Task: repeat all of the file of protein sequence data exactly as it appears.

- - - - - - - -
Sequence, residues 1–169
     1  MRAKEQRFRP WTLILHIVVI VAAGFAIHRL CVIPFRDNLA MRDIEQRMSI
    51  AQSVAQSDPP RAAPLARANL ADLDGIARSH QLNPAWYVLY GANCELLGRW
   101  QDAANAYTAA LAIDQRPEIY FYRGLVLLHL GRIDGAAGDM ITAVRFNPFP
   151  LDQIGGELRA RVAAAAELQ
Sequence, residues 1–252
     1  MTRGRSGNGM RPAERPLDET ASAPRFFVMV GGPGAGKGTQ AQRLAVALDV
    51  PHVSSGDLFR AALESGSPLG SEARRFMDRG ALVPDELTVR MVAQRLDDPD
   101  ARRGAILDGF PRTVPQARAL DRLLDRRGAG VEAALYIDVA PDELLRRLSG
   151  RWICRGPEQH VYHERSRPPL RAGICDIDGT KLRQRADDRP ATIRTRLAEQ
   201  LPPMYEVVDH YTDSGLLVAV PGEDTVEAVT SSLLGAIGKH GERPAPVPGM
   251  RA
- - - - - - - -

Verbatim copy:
Sequence, residues 1–169
     1  MRAKEQRFRP WTLILHIVVI VAAGFAIHRL CVIPFRDNLA MRDIEQRMSI
    51  AQSVAQSDPP RAAPLARANL ADLDGIARSH QLNPAWYVLY GANCELLGRW
   101  QDAANAYTAA LAIDQRPEIY FYRGLVLLHL GRIDGAAGDM ITAVRFNPFP
   151  LDQIGGELRA RVAAAAELQ
Sequence, residues 1–252
     1  MTRGRSGNGM RPAERPLDET ASAPRFFVMV GGPGAGKGTQ AQRLAVALDV
    51  PHVSSGDLFR AALESGSPLG SEARRFMDRG ALVPDELTVR MVAQRLDDPD
   101  ARRGAILDGF PRTVPQARAL DRLLDRRGAG VEAALYIDVA PDELLRRLSG
   151  RWICRGPEQH VYHERSRPPL RAGICDIDGT KLRQRADDRP ATIRTRLAEQ
   201  LPPMYEVVDH YTDSGLLVAV PGEDTVEAVT SSLLGAIGKH GERPAPVPGM
   251  RA